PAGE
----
20. #20

    Reputation:
    Join Date
    May 2004
    Posts
    7
    I have a cheap pair of Nashbar clipless pedals. I think I paid like $25 for them. I like them a lot, but at first they were kinda hard to get the cleat locked into. I think I have the hang of it now.

  21. #21

    Reputation:
    Join Date
    Apr 2004
    Posts
    168

    New question here. Shimano PD 515

    So i have gotten my skills to a level wherei feel i am ready for clipless .. What about the Shimano PD 515 .. they are on sale at bieksmart.com .. YOU GUYS LIKE

  22. #22
    bang
    Reputation: Cyco-Dude's Avatar
    Join Date
    Feb 2004
    Posts
    1,290
    Quote Originally Posted by WeekendShogunWarrior
    So i have gotten my skills to a level wherei feel i am ready for clipless .. What about the Shimano PD 515 .. they are on sale at bieksmart.com .. YOU GUYS LIKE
    if you ride in mud at all, those pedals wouldnt be a good choice. if that were the case id look at the 520's. if you dont ride in the mud and just want some cheap, beginner friendly clipless pedals then the 515's will be fine. the adjustable cleat tension makes clipping out easy, but you'll still fall (just make sure you fall in the grass ) these came stock on my epic BTW.

  23. #23

    Reputation:
    Join Date
    Apr 2004
    Posts
    168
    Quote Originally Posted by Cyco-Dude
    if you ride in mud at all, those pedals wouldnt be a good choice. if that were the case id look at the 520's. if you dont ride in the mud and just want some cheap, beginner friendly clipless pedals then the 515's will be fine. the adjustable cleat tension makes clipping out easy, but you'll still fall (just make sure you fall in the grass ) these came stock on my epic BTW.
    I do ride in mud, but its never like a pit or anything .. just little patches .. i do my best to stay of trials after rain .. But if they are not good though i dont want to spend the money i would rather put it into something better. The reason i ask is bikesmart.com has them on sale for 23.99

  24. #24

    Reputation:
    Join Date
    Apr 2004
    Posts
    168
    Quote Originally Posted by Cyco-Dude
    id look at the 520's. .
    Just looked into the 20's and they are only 20 bucks more. If they are that much better shuold i just spend the money

  25. #25

    Reputation:
    Join Date
    Apr 2004
    Posts
    168
    Quote Originally Posted by WeekendShogunWarrior
    Just looked into the 20's and they are only 20 bucks more. If they are that much better shuold i just spend the money
    THANKS FOR ALL THE HELP GUYS! .. I ENDED UP BUYING THE 520's. This thread was very helpfull. Keep riding

    Cheers
    Sho

  26. #26
    something
    Reputation:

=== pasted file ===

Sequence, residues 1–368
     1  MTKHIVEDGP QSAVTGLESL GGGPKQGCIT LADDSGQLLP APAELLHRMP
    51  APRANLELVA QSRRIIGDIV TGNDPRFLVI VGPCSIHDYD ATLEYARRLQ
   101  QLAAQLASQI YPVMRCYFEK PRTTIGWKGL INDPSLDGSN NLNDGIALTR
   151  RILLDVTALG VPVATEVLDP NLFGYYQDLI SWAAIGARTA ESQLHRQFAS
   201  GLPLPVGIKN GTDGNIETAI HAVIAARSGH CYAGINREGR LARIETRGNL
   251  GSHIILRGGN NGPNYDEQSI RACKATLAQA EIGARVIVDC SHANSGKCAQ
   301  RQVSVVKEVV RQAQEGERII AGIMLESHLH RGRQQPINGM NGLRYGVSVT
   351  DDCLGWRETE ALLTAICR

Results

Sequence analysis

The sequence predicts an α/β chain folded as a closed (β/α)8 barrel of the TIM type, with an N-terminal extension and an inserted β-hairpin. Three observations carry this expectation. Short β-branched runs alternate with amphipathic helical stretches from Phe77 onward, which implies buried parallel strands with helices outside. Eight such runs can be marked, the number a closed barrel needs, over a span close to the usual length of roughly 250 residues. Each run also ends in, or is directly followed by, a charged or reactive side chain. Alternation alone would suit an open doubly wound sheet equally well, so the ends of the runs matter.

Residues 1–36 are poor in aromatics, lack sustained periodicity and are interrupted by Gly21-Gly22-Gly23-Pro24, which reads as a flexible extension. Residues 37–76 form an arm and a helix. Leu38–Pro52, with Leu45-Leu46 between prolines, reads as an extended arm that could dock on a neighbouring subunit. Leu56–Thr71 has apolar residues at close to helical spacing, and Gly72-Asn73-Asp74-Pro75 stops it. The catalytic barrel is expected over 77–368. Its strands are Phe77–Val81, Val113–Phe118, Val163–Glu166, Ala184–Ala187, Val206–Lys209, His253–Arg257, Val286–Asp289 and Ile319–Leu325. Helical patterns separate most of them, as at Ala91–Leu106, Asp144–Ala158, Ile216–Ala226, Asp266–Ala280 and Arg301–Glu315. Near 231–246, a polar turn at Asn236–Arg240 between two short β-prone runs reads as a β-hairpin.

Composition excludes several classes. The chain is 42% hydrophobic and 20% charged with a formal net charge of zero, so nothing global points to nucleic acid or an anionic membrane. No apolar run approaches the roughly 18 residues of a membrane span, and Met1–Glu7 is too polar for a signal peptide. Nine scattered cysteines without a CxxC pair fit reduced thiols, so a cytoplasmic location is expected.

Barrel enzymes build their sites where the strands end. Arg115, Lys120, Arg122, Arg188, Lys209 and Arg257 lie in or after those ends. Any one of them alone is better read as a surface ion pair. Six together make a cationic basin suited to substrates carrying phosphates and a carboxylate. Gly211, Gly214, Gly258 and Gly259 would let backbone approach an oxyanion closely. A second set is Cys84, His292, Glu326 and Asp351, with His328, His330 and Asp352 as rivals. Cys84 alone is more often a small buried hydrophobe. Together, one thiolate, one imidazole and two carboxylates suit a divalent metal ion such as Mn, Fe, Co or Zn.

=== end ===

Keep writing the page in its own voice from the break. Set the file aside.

Join Date
    Mar 2004
    Posts
    45
    Quote Originally Posted by WeekendShogunWarrior
    THANKS FOR ALL THE HELP GUYS! .. I ENDED UP BUYING THE 520's. This thread was very helpfull. Keep riding

    Cheers
    Sho
    How do you like the 520's? I am considering these as well as the 540's to replace the WTB clipless that came with my bike.
    "POLICE STATION TOILET STOLEN ... Cops have nothing to go on."

  27. #27
    mtbr member
    Reputation: scottms33's Avatar
    Join Date
    Mar 2004
    Posts
    205

    egg beaters

    what ever you do dont go in to the toe straps, go right to clipless. it doesnt take long to get the hang of it, then after a while you wont want to use anything but..... i use egg beaters on my bike, check out ebay for some used ones or even pick up some new ones for a good deal,

    http://search.ebay.com/egg_Cycling_W...ertyZ1QQsotrZ2


    scott

  28. #28
    mtbr member
    Reputation:
    Join Date
    May 2004
    Posts
    51
    i just got my first mtb and it came with clipless pedels, it doesnt take time to get use to them. i still have to think about it before breaking away but that will all come natural. its not a huge deal and accually really enjoy learning on clipless pedals and will never use anything elnse agian

  29. #29

    Reputation:
    Join Date
    Apr 2004
    Posts
    168
    Quote Originally Posted by j-dub
    How do you like the 520's? I am considering these as well as the 540's to replace the WTB clipless that came with my bike.
    They should be arriving today .. i ordered them online .. ill let u know after this weekend. But i am sure that others on this board use them.

Similar Threads

  1. My beginner wife wants to go clipless
    By old_dude in forum Women's Lounge
    Replies: 117
    Last Post: 06-12-2005, 07:08 PM
  2. Upgraded to clipless
    By trevorB in forum Beginner's Corner
    Replies: 5
    Last Post: 04-20-2004, 07:13 PM
  3. Question about clipless pedals
    By ero2 in forum General Discussion
    Replies: 13
    Last Post: 04-01-2004, 02:01 PM
  4. Why am i struggling with clipless pedals
    By Bird in forum General Discussion
    Replies: 18
    Last Post: 03-27-2004, 06:11 PM
  5. Just bought a 2003 sugar 3+ how much it weigh??
    By roidboy in forum Weight Weenies
    Replies: 22
    Last Post: 01-17-2004, 02:43 PM

Members who have read this thread: 0

Posting Permissions

  • You may not post new threads
  • You may not post replies
  • You may not post attachments
  • You may not edit your posts
  •  

THE SITE

ABOUT MTBR

VISIT US AT

© Copyright 2020 VerticalScope Inc. All rights reserved.